Union Club History #1
This is the first of a series of historical bulletins which sketch the origins and history of the Union Club by members Douglas Franklin and Martin Segger. They draw from the research for our nomination document seeking national heritage commemoration.
Heyday of Victoria as a Very Clubbable Place
The Union Club of British Columbia was founded in April 1879 with rooms above a butchers shop at the corner of Government and Yates. The building is still there. By 1885 the first Club House was complete, an imposing Victorian Italianate brick building on Douglas Street next to St. Andrews Presbyterian Church. The Club’s size doubled with plans by architect F. M. Rattenbury in 1902.
The Union Club’s founding committee foreshadowed the groups from which it would draw its membership: law, politics, business and professions. Supreme Court Justice Matthew Baillie Begbie was the Club’s founding president. Founding co-members were businessman Frank Barnard, Cariboo MPP, and retired Royal Navy Lieutenant Henry E. Croasdaile. The club quickly developed as the home-away-from home for politicians, (federal, provincial and local), civil servants, military officers and professionals, in particular legal, medical, the various branches of engineering, architecture, surveying, and also the press.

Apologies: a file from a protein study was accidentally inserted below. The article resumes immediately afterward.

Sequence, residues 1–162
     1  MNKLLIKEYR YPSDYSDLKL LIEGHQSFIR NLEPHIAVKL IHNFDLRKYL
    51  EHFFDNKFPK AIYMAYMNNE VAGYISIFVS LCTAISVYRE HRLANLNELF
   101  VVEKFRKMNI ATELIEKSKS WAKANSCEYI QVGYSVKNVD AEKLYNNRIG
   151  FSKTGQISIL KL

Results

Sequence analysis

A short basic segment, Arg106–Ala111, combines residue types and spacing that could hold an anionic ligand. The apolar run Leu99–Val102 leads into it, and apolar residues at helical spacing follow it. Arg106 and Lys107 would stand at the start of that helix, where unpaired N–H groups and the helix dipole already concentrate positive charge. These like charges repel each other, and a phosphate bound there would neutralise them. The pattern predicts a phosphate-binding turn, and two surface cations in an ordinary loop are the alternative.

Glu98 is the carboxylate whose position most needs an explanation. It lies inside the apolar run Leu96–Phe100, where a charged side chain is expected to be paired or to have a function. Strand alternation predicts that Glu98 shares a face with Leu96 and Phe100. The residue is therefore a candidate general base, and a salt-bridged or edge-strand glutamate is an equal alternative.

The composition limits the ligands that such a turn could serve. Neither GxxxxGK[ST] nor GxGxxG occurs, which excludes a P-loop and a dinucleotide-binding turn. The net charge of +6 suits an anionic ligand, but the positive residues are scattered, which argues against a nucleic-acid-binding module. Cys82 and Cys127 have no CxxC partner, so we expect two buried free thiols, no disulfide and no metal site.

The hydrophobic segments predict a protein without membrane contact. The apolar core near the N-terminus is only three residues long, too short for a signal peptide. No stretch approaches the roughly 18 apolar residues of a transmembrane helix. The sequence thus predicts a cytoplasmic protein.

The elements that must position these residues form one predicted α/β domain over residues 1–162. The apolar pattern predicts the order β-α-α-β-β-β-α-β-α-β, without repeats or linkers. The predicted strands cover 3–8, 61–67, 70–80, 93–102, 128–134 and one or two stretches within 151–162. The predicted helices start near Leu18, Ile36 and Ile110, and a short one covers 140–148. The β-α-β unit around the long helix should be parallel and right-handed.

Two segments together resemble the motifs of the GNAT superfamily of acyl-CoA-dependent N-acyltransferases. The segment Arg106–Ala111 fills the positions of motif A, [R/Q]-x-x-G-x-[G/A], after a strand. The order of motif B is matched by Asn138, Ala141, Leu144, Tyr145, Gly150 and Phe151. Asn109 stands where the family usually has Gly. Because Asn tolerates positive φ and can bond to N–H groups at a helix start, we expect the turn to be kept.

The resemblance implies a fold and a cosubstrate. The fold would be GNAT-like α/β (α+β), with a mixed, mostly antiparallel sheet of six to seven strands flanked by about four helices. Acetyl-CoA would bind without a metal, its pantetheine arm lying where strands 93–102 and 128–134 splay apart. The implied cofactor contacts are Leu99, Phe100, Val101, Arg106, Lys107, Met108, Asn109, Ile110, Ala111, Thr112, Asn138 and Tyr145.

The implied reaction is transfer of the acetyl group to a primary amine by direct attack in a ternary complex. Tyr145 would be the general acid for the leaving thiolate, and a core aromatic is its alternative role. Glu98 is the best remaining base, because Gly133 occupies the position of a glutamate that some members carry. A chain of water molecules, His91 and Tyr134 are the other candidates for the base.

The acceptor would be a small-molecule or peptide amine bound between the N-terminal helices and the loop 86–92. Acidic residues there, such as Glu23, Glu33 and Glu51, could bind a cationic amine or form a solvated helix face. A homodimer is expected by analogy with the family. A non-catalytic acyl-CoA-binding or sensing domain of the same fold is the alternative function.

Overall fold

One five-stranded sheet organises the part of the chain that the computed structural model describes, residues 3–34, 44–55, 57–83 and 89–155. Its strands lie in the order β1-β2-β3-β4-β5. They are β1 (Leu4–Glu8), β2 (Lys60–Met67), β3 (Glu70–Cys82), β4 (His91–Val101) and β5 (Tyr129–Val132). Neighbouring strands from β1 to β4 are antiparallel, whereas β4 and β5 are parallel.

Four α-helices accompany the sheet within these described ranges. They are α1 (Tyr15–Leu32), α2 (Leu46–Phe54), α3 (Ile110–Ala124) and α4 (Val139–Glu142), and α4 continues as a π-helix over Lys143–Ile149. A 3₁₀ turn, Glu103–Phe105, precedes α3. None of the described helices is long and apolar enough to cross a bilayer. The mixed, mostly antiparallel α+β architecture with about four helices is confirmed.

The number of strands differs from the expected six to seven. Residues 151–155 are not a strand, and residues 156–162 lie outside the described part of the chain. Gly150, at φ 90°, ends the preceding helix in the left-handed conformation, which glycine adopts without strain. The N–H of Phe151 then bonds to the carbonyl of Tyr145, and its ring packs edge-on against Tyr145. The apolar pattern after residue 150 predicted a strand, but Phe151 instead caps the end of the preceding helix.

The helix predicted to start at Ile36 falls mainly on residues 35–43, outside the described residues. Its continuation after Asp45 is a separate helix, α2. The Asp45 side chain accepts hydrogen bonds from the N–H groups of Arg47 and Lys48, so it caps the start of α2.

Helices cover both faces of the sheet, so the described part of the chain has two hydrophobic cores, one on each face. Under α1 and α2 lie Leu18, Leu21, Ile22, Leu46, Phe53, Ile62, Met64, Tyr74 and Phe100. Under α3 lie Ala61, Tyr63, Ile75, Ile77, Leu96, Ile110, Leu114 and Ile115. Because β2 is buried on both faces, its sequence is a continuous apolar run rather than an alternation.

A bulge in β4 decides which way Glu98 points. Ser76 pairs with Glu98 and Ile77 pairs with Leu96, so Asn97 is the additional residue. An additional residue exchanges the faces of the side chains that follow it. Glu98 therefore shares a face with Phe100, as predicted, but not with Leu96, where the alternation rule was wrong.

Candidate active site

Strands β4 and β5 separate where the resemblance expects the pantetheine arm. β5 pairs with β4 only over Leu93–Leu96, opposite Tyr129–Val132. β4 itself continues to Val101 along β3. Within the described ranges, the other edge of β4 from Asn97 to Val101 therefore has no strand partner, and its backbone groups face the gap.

The Commercial Club announced its organization in June 1885 with 100 members, but took rooms as the Victoria Club the next month. In 1894 it reincorporated as the Pacific Club with rooms on Fort Street. By 1911, with a membership of 400, it had expanded to occupy the top two floors of the new Pemberton Building and included a glass-domed dining room, bar, reading room, billiard room, card room and fourteen bedrooms.
As if in response, a group of women formed the Alexandra Club which occupied rooms in the Galpin Block at 1017/21 Government Street, then built the luxuriously appointed purpose-built clubhouse at 716 Courtenay Street in 1911. Indeed this was a period of voracious clubhouse construction: the Victoria Golf Club opening their new pavilion in Oak Bay in 1910, the Royal Victoria Yacht Club finishing new premises in 1913. The Victoria Lawn Tennis Club built new facilities at Fort and Foul Bay roads in 1910. The YMCA moved into its new five storey palazzo-style building in 1911. However, probably the largest monument to this era of club building was Bay Street Armories, built for the local reserve militias and completed in 1915. The towering galleried drill hall (well preserved to this day) accessed campaign rooms, general mess rooms and officers’ messes, armories. Below the main level was a recreation complex complete with swimming pool, two rifle ranges and gymnasium.
Buoyed by this rising popularity of clubbing, the expanding city and soaring national economic prospects in 1910, the Union Club members decided to build themselves a luxurious new clubhouse.
Next article: Architects Rattenbury and Rixford design and build the new clubhouse.